The Landing Zone | 5.14.15
By Alan W. Dowd
troops and intelligence agents aren't the only ones waging the war on
terror. An army of lawyers also has been drafted into the fight.
Regrettably, they haven't been as effective as their camouflaged
counterparts. In fact, many of the legal maneuvers have been less than
helpful; some have been downright counterproductive.
be sure, lawyerly encroachment into the battlespace began long before
the war on terror. But it really gained momentum in the 1990s. In a revealing study on legal constraints and national security, George Mason University law
professor Nathan Sales cites an anecdote from Operation Desert Fox in
1998. A U.S. Air Force general recalls how a JAG officer "was standing
right behind me" during the four-day air campaign targeting Saddam
Hussein's WMD assets. Columbia University political scientist Richard
Betts points to the "remarkably direct role lawyers played in managing
combat operations" in Kosovo in 1999, calling it "unprecedented" and
concluding that "NATO's lawyers thus became, in effect, its tactical
The 9/11 Commission Report is peppered with references to, and examples of, lawyers constraining
or sidetracking efforts to share information between agencies and kill
Osama bin Laden. For example, in the late 1990s, after almost a decade
of terrorist attacks against U.S. targets, bin Laden was a known enemy
of the United States. CIA operations teams advocated killing the terror
mastermind, but their plan "drew sharp criticism from lawyers throughout
the executive branch," Sales explains. "The lawyers favored a mission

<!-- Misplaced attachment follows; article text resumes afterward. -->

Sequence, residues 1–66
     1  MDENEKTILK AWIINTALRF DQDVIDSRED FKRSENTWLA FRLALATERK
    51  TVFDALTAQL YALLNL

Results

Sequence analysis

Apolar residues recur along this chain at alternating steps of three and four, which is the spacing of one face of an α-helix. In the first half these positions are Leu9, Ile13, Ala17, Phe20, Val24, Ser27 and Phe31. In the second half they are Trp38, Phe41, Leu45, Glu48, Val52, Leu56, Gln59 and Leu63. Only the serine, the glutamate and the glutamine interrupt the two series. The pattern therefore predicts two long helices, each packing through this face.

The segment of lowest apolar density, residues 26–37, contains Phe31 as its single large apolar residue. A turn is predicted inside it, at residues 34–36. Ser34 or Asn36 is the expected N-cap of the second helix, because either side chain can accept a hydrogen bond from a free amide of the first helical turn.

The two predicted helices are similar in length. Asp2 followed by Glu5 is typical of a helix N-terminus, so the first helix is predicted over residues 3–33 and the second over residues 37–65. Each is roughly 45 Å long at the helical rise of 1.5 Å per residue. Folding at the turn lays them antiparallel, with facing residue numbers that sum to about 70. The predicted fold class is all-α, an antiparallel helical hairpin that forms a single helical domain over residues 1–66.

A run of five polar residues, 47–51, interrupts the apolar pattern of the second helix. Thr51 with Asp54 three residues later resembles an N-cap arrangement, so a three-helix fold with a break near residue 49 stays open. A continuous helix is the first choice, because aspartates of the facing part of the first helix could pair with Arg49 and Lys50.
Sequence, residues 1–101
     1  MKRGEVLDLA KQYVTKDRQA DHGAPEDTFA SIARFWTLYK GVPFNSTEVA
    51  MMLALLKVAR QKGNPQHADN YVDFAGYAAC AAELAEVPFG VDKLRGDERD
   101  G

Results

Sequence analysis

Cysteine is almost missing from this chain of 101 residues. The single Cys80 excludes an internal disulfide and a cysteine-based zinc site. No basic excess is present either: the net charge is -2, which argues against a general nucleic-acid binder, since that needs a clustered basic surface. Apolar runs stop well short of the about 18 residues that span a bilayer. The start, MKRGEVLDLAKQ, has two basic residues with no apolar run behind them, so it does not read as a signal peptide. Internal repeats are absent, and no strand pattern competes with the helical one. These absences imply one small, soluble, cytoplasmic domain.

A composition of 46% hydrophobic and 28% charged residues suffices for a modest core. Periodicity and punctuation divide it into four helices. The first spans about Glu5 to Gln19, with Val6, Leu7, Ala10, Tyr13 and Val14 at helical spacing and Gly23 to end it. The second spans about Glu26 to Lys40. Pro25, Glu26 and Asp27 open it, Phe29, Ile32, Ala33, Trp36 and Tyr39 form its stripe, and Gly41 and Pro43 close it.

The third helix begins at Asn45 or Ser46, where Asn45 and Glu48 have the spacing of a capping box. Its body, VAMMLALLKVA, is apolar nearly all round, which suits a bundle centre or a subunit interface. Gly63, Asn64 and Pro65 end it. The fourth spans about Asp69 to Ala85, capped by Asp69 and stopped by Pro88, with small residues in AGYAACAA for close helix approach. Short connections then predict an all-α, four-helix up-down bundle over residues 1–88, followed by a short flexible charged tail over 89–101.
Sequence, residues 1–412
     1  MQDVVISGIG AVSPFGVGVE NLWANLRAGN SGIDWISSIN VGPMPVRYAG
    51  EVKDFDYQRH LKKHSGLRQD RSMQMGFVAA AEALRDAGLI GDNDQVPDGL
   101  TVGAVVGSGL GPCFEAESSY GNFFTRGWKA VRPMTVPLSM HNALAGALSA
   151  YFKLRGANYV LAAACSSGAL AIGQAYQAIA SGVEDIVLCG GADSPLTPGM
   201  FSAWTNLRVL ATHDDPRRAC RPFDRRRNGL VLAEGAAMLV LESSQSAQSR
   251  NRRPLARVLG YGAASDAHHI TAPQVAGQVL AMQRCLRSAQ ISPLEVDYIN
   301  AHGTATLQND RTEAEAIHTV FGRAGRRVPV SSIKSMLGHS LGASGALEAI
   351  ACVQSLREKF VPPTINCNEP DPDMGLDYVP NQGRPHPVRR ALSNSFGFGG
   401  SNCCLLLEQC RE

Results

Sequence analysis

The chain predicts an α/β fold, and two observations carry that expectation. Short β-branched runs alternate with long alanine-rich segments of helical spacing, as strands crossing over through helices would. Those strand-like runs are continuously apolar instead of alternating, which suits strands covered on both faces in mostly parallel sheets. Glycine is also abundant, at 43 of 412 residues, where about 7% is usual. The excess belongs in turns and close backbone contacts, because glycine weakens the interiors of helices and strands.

in which a team of CIA-trained Afghan surrogates would kidnap bin Laden
and return him to the United States to stand trial." Pre-9/11,
government lawyers would countenance the killing of bin Laden only if
"his death was the accidental byproduct of an otherwise legitimate
Michael Scheuer, who led the CIA's bin Laden unit, concludes, "The U.S.
intelligence community is palsied by lawyers. When we were going to
capture Osama bin Laden, for example, the lawyers were more concerned
with bin Laden's safety and his comfort than they were with the officers
charged with capturing him."
More than a year before the 9/11 attacks, as The New York Times reported in 2005,
"a small, highly classified military intelligence unit identified
Mohammed Atta and three other future hijackers as likely members of a
cell of al Qaeda operating in the United States" and recommended that
the information be shared with the FBI. But that recommendation "was
rejected and the information was not shared," apparently because of how
someone interpreted the law relating to intelligence-collection
operations and legal protections for U.S. citizens and green-card
holders. Importantly, "That protection does not extend to visa holders,"
which is what Atta was.
October 2001, just days into combat operations in Afghanistan, a
CENTCOM JAG officer blocked U.S. forces from attacking a convoy carrying Taliban leader Mullah Mohammed Omar. In so doing, that military lawyer arguably ensured a longer war and
perhaps more American casualties. Fourteen years later, the man who
opened Afghanistan to al Qaeda is still at large, still rallying the
Taliban against the United States.
Reports that some federal agencies were pushing the military to treat captured terrorists like suspects in a stateside criminal case prompted Sen. Jeff Sessions (R-Ala.) to propose legislation to "preempt any
federal executive, that is presidential, requirement that our troops in
the field, in Afghanistan and Iraq, read Miranda warnings to al-Qaeda
terrorists whom they capture."